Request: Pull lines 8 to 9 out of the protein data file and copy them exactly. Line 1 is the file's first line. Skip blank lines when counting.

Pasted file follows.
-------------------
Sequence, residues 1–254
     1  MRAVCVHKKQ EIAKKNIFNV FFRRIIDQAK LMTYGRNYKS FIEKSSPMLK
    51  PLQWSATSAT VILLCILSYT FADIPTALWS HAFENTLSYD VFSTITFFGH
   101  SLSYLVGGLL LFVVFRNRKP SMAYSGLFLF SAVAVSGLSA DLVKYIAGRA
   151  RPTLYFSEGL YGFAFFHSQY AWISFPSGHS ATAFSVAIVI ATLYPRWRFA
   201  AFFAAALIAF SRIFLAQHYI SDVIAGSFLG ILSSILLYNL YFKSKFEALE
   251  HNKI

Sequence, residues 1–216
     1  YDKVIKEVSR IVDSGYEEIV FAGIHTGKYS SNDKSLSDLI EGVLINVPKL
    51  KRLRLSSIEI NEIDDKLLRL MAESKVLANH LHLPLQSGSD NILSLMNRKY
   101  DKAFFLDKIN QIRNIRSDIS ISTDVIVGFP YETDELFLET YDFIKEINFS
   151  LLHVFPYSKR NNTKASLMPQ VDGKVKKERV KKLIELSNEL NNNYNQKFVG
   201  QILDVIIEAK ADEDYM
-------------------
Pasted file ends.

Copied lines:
Sequence, residues 1–216
     1  YDKVIKEVSR IVDSGYEEIV FAGIHTGKYS SNDKSLSDLI EGVLINVPKL